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Syndication is the occurrence of local television stations purchasing individual television shows outside of a network context. Some stations carry network programming at peak hours, such as prime-time and weekends, and air syndicated series at other times. Others thrive solely on syndicated shows. Star Trek: The Next Generation and Star Trek: Deep Space Nine were both syndicated.

The original Star Trek was aired on NBC, where it was canceled after only three seasons. This led the producers of TNG to seek a lower-pressure syndicated environment. When the owner of Star Trek, Paramount Pictures, launched its own network, UPN, in 1995, Star Trek: Voyager was the flagship series. Voyager ended in 2001 and was immediately replaced with Star Trek: Enterprise, which was canceled after only four seasons as UPN attempted to change its image. Like the original Trek, Enterprise was nearly canceled a year earlier than it was, but was spared and moved to the deadly Friday night instead, where it perished.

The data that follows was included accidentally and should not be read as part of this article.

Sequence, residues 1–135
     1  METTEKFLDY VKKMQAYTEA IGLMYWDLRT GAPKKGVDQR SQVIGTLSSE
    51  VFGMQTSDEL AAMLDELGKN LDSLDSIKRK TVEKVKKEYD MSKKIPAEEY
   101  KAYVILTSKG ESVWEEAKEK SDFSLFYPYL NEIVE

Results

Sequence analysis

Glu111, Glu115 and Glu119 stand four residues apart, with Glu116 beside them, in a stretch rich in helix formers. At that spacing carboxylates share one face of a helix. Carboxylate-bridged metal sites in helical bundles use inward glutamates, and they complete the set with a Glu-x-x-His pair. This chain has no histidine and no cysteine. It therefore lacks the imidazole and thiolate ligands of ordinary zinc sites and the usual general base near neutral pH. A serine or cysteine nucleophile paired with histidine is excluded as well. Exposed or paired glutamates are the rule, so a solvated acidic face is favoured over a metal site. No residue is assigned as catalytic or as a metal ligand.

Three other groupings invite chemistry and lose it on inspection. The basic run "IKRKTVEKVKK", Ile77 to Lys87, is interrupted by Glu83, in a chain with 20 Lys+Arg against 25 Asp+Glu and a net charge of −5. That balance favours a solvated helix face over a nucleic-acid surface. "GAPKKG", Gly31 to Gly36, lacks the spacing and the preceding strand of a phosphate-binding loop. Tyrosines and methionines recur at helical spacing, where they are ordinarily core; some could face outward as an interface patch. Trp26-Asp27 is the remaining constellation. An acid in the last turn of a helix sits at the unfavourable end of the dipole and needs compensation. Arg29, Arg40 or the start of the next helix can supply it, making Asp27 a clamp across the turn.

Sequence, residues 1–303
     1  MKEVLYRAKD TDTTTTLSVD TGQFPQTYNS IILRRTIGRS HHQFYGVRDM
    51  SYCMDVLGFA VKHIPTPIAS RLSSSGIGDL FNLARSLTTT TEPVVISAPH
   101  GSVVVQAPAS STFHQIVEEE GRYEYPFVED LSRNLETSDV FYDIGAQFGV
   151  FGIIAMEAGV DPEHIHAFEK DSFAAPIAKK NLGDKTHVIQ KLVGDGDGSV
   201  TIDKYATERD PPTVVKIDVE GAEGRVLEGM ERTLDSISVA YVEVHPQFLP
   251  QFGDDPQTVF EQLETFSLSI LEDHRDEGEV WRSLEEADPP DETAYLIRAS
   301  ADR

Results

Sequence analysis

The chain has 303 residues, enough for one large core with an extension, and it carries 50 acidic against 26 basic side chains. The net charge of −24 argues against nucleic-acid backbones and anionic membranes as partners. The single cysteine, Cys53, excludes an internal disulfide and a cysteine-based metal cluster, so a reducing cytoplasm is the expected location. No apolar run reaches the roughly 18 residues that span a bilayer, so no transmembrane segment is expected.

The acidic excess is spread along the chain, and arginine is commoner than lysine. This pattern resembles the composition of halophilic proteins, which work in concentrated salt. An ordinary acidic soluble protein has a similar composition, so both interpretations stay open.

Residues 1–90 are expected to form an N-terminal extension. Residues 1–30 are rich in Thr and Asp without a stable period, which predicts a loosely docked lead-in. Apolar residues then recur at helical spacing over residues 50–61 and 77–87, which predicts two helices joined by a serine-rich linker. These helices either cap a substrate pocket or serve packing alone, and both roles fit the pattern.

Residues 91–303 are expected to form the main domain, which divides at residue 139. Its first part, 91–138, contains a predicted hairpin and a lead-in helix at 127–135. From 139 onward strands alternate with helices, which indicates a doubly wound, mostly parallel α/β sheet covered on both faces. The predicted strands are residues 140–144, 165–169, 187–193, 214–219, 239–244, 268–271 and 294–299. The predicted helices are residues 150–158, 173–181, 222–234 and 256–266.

From September 2006-September 2009, Star Trek Remastered was broadcast in syndication. Currently, Star Trek: The Next Generation is broadcast in syndication on weekdays. [1]

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